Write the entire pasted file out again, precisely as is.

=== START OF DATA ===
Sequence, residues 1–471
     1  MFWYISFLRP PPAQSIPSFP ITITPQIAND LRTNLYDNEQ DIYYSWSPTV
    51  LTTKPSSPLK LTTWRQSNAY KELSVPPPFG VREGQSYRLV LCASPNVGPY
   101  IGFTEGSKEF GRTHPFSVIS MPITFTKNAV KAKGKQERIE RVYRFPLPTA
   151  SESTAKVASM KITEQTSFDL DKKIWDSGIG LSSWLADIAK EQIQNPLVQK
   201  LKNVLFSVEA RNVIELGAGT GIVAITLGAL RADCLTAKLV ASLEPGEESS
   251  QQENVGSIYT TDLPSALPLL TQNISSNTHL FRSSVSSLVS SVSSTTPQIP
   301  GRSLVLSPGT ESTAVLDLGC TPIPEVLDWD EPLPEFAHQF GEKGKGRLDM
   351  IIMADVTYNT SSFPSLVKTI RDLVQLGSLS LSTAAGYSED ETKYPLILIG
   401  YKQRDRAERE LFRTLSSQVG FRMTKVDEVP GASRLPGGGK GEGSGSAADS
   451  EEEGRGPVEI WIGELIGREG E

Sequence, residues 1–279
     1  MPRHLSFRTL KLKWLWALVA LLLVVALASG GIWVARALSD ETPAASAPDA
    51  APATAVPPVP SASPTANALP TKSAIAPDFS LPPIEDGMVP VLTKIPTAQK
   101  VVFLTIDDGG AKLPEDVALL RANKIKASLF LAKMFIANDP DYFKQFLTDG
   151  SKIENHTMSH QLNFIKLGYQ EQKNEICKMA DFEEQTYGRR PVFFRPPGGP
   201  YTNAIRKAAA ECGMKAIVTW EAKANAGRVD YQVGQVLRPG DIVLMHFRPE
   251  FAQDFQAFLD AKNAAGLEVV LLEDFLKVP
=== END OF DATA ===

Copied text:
Sequence, residues 1–471
     1  MFWYISFLRP PPAQSIPSFP ITITPQIAND LRTNLYDNEQ DIYYSWSPTV
    51  LTTKPSSPLK LTTWRQSNAY KELSVPPPFG VREGQSYRLV LCASPNVGPY
   101  IGFTEGSKEF GRTHPFSVIS MPITFTKNAV KAKGKQERIE RVYRFPLPTA
   151  SESTAKVASM KITEQTSFDL DKKIWDSGIG LSSWLADIAK EQIQNPLVQK
   201  LKNVLFSVEA RNVIELGAGT GIVAITLGAL RADCLTAKLV ASLEPGEESS
   251  QQENVGSIYT TDLPSALPLL TQNISSNTHL FRSSVSSLVS SVSSTTPQIP
   301  GRSLVLSPGT ESTAVLDLGC TPIPEVLDWD EPLPEFAHQF GEKGKGRLDM
   351  IIMADVTYNT SSFPSLVKTI RDLVQLGSLS LSTAAGYSED ETKYPLILIG
   401  YKQRDRAERE LFRTLSSQVG FRMTKVDEVP GASRLPGGGK GEGSGSAADS
   451  EEEGRGPVEI WIGELIGREG E

Sequence, residues 1–279
     1  MPRHLSFRTL KLKWLWALVA LLLVVALASG GIWVARALSD ETPAASAPDA
    51  APATAVPPVP SASPTANALP TKSAIAPDFS LPPIEDGMVP VLTKIPTAQK
   101  VVFLTIDDGG AKLPEDVALL RANKIKASLF LAKMFIANDP DYFKQFLTDG
   151  SKIENHTMSH QLNFIKLGYQ EQKNEICKMA DFEEQTYGRR PVFFRPPGGP
   201  YTNAIRKAAA ECGMKAIVTW EAKANAGRVD YQVGQVLRPG DIVLMHFRPE
   251  FAQDFQAFLD AKNAAGLEVV LLEDFLKVP